Proceedings: Plant Sciences

, Volume 92, Issue 4, pp 323–330 | Cite as

Influence of potassium nutrition on stomatal behaviour, transpiration rate and leaf water potential of pigeon pea (Cajanus cajan (L.) Millsp.) in sand culture

  • K Venkateswara Rao
  • K xxxV Madhava Rao


Pipeon pea seedlings were grown in sand culture using Hoagland solution with four levels of potassium. All measurements were made up to 37-day old seedlings. The influence of potassium nutrition on stomatal behaviour, transpiration rate and leaf water potential were observed and results are reported here.


Cajanus cajan potassium nutrition stomata transpiration rate leaf water potential 


Unable to display preview. Download preview PDF.

Unable to display preview. Download preview PDF.


  1. Boyer J S 1970 Leaf enlargement and metabolic rates in Corn, Soybeans and Sunflower at various leaf water potentials;Plant Physiol. 46 233–235PubMedCrossRefGoogle Scholar
  2. Brag Holger 1972 The influence of potassium on the transpiration rate and stomatal opening inTriticum aestivum andPisum sativum;Physiol. Plant 26 250–57Google Scholar
  3. Dayanandan P and Kaufman Peter B 1975 Stomatal movements associated with potassium fluxes;Am. J. Bot. 62 221–231CrossRefGoogle Scholar
  4. Devi M S, Rao J V S and Das V S R 1976 Herbicide induced changes in the levels of epicuticular waxes and cuticle;Indian J. Plant Physiol. 19 249–253Google Scholar
  5. Fischer R A 1968 Stomatal opening: Role of Potassium uptake by guard cells;Science 160 784–785PubMedCrossRefGoogle Scholar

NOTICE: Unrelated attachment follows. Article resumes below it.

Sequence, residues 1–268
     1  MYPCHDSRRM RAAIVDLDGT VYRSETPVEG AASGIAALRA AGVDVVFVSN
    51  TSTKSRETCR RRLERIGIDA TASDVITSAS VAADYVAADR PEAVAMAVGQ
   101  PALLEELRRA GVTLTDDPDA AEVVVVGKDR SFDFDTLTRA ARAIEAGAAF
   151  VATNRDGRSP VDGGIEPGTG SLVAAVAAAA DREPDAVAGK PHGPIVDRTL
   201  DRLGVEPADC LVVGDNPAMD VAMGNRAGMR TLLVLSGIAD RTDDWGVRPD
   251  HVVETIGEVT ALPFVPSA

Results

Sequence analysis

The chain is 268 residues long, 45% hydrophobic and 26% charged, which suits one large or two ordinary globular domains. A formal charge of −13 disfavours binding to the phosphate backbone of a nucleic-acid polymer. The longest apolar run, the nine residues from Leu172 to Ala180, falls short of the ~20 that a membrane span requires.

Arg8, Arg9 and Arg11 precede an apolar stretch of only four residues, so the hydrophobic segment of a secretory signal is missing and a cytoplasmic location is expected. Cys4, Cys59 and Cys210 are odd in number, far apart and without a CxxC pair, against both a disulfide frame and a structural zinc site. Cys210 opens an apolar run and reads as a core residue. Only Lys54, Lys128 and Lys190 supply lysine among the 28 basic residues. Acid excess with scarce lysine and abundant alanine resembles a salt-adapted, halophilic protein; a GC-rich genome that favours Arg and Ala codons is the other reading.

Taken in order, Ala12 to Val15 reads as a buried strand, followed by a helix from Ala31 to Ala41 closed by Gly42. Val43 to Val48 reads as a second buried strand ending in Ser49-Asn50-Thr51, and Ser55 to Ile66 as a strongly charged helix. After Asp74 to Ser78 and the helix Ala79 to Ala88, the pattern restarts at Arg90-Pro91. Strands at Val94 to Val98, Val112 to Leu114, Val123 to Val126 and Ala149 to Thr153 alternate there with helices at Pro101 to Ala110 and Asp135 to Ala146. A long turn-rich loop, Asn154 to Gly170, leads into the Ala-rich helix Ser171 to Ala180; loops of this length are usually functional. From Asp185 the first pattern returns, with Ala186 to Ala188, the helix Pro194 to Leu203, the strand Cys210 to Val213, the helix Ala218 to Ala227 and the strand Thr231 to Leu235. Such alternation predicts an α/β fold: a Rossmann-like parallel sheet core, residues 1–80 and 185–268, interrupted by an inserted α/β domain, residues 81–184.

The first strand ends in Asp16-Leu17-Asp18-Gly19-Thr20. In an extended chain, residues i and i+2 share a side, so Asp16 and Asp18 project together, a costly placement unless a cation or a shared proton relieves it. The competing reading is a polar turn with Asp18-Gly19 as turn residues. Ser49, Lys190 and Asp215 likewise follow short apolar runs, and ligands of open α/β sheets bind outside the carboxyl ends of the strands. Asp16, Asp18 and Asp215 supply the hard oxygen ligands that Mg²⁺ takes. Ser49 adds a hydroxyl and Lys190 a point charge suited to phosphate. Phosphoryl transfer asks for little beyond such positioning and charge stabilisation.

6. Fischer R A and Hsiao T C 1968 Stomatal opening in Isolated Epidermal strips ofVicia faba. II. Responses to KCl concentration and the role of Potassium absorption;Plant Physiol. 43 1953–58PubMedCrossRefGoogle Scholar
  7. Fujino M 1967 Role of adenosinetriphosphate and adenosinetriphosphatase in stomatal movement;Sci. Bull. Fac. Educ. Nagasaki Univ. 18 1–47Google Scholar
  8. Hoagland D R and Arnon D I 1950 The Water-culture method for growing plants without soil;Bull. No. 347.Calif. Agric. Exp. Sta. Berkeley Google Scholar
  9. Humble G D and Raschke K 1971 Stomatal opening quantitatively related to potassium transport. Evidence from electron probe analysis;Plant Physiol. 48 447–53PubMedCrossRefGoogle Scholar
  10. Knipling E B 1967 Measurement of leaf water potential by the dye method;Ecology 48 1038–41CrossRefGoogle Scholar
  11. MacCallum A B 1905 On the distribution of potassium in animal and vegetable cells;J. Physiol. 32 95–128Google Scholar
  12. Nagarajah S and Ratnasuriya G B 1978 The effect of Phosphorus and potassium deficiencies on transpiration in Tea (Camellia sinensis);Physiol. Plant 42 103–108CrossRefGoogle Scholar
  13. Peaslee D E and Moss D N 1968 Stomatal conductivities in K deficient leaves of maize (Zea mays L.);Crop Sci. 8 427–30CrossRefGoogle Scholar
  14. Sawnhey B L and Zelitch I 1969 Direct determination of potassium ion accumulation in guard cells in relation to stomatal opening in light;Plant Physiol. 44 1350–54CrossRefGoogle Scholar
  15. Willmer C M and Pallas J E Jr 1973 A survey of stomatal movements and associated potassium fluxes in the plant kingdom;Can. J. Bot. 51 37–42CrossRefGoogle Scholar

Copyright information

© Indian Academy of Sciences 1983

Authors and Affiliations

  • K Venkateswara Rao
    • 1
  • K xxxV Madhava Rao
    • 1
  1. 1.Department of BotanyAndhra UniversityWaltairIndia

Personalised recommendations